Why are we growing corn to fuel our cars? Three reasons why ethanol is a bad idea.

Most of us are driving around right now in cars powered by a combination of gasoline and ethanol. Ethanol is a fuel alternative produced from corn (mostly), and it has been touted for years as cleaner, carbon-neutral alternative to gas.

The problem is that ethanol’s benefits have been greatly exaggerated, leading to Congressional regulations that required ever-increasing amounts of ethanol in our gasoline supply. The government requirement goes back to 2005, when gas prices were much higher and the U.S. was in the midst of the Iraq war. Ethanol was supposed to be a clean way to reduce our dependence on foreign oil. The growing mandate for ethanol has instead created an enormous, artificial demand that has had unintended consequences, many of them bad.

Some background: Congress requires automakers to meet fuel economy (“CAFE”) standards for all their cars and light trucks. To encourage ever-greater use of ethanol, Congress modified the CAFE standards in 2005. As a result of that law, this year the EPA will require refiners to use 18.1 billion gallons of ethanol to fuel our cars.

Politicians still love ethanol. In the 2016 presidential campaign, several candidates came out in support of continuing the corn-based fuel program, hoping this position would win them votes in the Iowa caucuses. Iowa is a big corn state.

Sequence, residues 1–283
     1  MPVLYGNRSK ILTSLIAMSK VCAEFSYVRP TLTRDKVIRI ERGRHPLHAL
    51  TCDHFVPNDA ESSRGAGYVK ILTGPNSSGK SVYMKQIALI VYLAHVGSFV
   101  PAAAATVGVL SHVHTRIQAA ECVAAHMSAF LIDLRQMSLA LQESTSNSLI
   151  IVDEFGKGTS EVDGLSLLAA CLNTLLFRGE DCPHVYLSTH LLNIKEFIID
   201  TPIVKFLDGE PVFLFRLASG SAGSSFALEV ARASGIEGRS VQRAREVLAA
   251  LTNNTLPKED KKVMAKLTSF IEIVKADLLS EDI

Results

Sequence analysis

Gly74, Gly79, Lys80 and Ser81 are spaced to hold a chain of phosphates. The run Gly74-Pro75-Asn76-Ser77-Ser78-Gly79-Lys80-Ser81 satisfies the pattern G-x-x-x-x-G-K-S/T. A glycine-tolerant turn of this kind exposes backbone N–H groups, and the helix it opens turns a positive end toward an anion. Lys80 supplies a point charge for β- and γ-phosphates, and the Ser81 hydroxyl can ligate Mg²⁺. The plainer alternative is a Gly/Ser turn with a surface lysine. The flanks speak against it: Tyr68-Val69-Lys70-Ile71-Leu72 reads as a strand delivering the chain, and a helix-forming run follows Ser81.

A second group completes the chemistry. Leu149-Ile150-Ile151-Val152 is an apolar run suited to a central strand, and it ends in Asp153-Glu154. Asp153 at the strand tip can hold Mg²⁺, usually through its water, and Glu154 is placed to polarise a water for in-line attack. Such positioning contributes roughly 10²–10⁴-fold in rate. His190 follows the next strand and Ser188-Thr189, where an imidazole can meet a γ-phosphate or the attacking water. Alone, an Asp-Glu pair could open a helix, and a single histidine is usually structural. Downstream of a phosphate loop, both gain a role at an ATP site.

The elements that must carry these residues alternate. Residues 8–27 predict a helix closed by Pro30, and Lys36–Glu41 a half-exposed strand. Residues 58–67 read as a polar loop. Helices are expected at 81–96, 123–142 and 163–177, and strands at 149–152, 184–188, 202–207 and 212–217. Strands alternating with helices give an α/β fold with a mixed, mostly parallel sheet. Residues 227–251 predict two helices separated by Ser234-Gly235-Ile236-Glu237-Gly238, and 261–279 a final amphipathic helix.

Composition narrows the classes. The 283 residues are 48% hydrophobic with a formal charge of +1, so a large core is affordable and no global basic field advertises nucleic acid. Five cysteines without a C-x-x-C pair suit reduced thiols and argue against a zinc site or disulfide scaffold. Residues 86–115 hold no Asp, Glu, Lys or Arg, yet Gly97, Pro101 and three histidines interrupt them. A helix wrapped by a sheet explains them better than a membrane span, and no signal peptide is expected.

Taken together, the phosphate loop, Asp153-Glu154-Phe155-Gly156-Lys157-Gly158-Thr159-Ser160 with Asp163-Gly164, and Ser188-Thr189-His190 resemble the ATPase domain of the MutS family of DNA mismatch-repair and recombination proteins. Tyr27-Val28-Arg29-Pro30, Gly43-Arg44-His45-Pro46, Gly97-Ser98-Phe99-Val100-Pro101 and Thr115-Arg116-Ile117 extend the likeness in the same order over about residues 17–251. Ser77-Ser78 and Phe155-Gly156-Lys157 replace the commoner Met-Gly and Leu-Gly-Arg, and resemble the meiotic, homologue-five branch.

Unfortunately for the rest of us, mandating the use of ethanol is a terrible policy. Here are three reasons why.

1. Ethanol lowers your gas mileage–a lot. Ethanol only has about 2/3 the energy content of gasoline, meaning it simply cannot provide the same amount of power per gallon (or liter) as gas. E85 fuel, which uses 85% ethanol and 15% gasoline, is widely available, and some gas stations now offer no alternative. Consumer Reports put E85 to the test, and found that highway mileage decreased by 29% and city mileage by 22%. Car and Driver ran their own tests and found a 30% drop in mileage on E85. According to the Union of Concerned Scientists, nearly all gas sold in the US today has 10% ethanol–much less than in E85, but still providing lower fuel efficiency than straight gasoline.

Making things worse, ethanol attracts water and is more corrosive to some metals and rubber than gasoline. So it's bad for your car.